Ahilan Kadirgamar talked to Jayampathy Wickramaratne, who is President’s Counsel, a constitutional lawyer, a former senior advisor for the Ministry of Constitutional Affairs, and a member of the team that drafted the 2000 Constitution Bill. Wickramartane was a member of the panel of experts to assist the All Party Representative Committee and signatory to the “Majority Report” (December 2006) that proposed extensive restructuring of the state, with extensive devolution and power sharing at the centre. Wickramaratne is a politburo member of the Lanka Sama Samaja Party. Continue reading Jayampathy Wickramaratne on Political Solution in Sri Lanka
Statement by the South Asia Solidarity Initiative (SASI) at ‘After Mumbai, Which Way Forward? A Public Dialogue’, City University of New York Graduate Center, New York, December 15th, 2008. Co-sponsored by The Center for Place, Culture and Politics, The Brecht Forum and SALAAM Theatre.
Let Us Not Forget
Like many in South Asia, we watched with anguish as nearly 180 people of different castes, classes, religions and nationalities lost their lives in the events in Mumbai that unfolded over several days. We mourn their loss in this large tragedy and condemn the perpetration of such terrible violence. We also express solidarity with those intrepid groups and individuals who have tirelessly sought to build deep-roots of social, political, economic and cultural understanding for peace and justice in South Asia. At this moment, we call for reflection on recent histories of South Asia and the world. Hence lessons may be drawn, collective action contemplated and spaces of hope created from the debris of despondency. Continue reading Let Us Not Forget – South Asia Solidarity Initiative
Guest post by BALMURLI NATRAJAN, a member of the South Asia Solidarity Initiative (SASI)
The Battle of Mumbai did not begin on November 26, 2008. There was no clear beginning, regardless of what somnambulists who have just woken up, or saber-rattlers who have been sharpening their tools for a while, pronounce. Like all modern wars, it burst into public view over the internet, unannounced and in full-swing. Continue reading The Battle of Mumbai
Guest post by SVATI P. SHAH
Like so many millions of others, I was glued to the news for days during the Mumbai attacks. In the aftermath of the terrible human tragedy that reverberates from those long hours, I share the universal concern about the political context for these attacks, a context that is about to change as the governments of India and the U.S. each undergo another major governmental transition. In his response to the attacks, President-Elect Barack Obama said that militants based in South Asia represent the biggest threat to the United States. As we well know by now, South Asia is about to become a foreign policy priority for the Unites States like never before, and this should give us pause. Continue reading Mumbai, the Hindu Right, and the Problem with Sonal Shah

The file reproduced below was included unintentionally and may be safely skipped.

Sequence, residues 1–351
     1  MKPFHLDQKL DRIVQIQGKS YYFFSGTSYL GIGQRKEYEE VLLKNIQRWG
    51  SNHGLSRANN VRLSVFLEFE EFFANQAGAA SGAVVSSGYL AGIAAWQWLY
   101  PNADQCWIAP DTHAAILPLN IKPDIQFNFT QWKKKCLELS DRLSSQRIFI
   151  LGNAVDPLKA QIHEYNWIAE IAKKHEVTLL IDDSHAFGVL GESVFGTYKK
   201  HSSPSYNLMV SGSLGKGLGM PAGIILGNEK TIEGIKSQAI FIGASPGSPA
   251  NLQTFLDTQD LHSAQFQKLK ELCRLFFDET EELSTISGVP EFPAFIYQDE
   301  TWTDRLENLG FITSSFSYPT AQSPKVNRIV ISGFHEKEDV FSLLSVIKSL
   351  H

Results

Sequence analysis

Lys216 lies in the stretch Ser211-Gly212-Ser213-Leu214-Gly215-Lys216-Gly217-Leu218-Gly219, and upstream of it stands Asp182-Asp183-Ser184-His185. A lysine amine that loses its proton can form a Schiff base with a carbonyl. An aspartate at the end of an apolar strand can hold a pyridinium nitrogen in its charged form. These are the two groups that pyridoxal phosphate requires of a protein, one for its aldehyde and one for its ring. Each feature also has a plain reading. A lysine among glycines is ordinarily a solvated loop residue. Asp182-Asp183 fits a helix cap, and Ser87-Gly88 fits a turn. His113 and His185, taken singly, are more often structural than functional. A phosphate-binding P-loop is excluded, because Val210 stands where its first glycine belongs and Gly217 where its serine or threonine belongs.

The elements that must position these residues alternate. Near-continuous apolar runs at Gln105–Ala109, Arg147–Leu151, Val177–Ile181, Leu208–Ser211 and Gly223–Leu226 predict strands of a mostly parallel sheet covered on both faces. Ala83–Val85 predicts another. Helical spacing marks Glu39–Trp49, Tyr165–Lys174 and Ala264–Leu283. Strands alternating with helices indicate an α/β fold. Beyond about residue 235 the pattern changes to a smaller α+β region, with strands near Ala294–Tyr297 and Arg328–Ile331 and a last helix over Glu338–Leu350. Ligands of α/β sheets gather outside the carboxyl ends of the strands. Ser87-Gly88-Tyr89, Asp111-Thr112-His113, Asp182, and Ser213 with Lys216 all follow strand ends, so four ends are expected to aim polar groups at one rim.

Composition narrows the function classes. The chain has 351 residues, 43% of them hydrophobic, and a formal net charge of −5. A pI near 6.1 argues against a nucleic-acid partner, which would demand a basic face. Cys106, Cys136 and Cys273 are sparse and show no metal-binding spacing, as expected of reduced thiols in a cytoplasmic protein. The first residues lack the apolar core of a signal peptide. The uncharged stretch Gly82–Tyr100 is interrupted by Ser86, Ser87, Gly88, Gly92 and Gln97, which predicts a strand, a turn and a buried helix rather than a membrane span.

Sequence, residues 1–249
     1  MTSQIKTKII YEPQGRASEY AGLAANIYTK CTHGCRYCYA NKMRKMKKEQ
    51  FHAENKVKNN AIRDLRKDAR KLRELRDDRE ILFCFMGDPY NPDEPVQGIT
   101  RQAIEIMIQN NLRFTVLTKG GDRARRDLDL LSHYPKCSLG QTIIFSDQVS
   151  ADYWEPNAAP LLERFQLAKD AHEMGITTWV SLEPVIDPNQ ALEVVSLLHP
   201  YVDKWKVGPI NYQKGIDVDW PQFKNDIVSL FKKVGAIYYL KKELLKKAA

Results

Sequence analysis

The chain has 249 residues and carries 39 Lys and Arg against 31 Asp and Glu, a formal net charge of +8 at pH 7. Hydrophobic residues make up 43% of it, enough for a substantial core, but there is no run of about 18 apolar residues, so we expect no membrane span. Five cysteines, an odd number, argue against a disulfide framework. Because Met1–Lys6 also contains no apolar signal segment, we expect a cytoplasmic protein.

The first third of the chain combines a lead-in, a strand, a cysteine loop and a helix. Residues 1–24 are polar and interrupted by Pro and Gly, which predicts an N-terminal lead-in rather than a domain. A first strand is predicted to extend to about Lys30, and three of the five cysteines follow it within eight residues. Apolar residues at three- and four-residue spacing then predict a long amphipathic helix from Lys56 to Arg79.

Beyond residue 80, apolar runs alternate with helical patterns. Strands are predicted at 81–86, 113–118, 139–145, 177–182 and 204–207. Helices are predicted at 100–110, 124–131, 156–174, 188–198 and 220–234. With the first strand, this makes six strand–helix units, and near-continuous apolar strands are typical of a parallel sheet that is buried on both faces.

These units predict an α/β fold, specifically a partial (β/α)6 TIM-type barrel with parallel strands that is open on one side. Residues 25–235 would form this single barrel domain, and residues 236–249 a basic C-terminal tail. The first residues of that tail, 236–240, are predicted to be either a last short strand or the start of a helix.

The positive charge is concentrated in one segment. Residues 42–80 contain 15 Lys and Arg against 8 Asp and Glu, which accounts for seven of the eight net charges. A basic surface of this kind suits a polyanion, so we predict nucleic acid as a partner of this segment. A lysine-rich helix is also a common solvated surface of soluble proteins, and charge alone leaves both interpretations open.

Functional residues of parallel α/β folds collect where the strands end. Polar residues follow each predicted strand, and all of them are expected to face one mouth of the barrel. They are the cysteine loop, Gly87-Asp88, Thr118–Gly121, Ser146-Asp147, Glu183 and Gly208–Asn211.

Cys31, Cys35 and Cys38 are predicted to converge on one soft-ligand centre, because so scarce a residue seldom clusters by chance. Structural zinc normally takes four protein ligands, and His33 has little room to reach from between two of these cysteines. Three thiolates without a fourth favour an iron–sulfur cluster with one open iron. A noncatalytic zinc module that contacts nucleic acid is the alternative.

Guest post by SAADIA TOOR and BALMURLI NATARAJAN of the South Asia Solidarity Initiative (SASI)
A response to his op-ed piece in The New York Times, December 3, 2008.
Among Mr. Friedman’s long list of talents seems to be the ability to directly access the minds of dead people. After all, how else could he know that the real attackers in the Mumbai shootings shared the same set of intentions and motivations as the fictional characters he creates who murder an imam and his wife purely for being Sunni? Maybe his short sojourns in South Asia through airports and the plush suites of the Marriot and the Taj Mahal Hotel do not allow him to imagine any other kind of Muslim than a unidimensional protestor of xenophobic cartoon images (produced, distributed and hotly defended, incidentally, by the enlightened West). Maybe this talent comes from the same well of wisdom that made him the biggest promoter of the “innovative genius” of Wall Street bankers not too long ago, a position that he now has some trouble justifying, except by calling them “stupid”. Or just maybe, he has simply made it a habit to promote views and policies that have no basis in fact and do not stand up to the slightest scrutiny. After all, those are the perks that come with a regular column in a major newspaper and a guaranteed readership just waiting for one to provide the ‘expert’ fuel to their fire. Continue reading Mr Friedman’s Demagoguery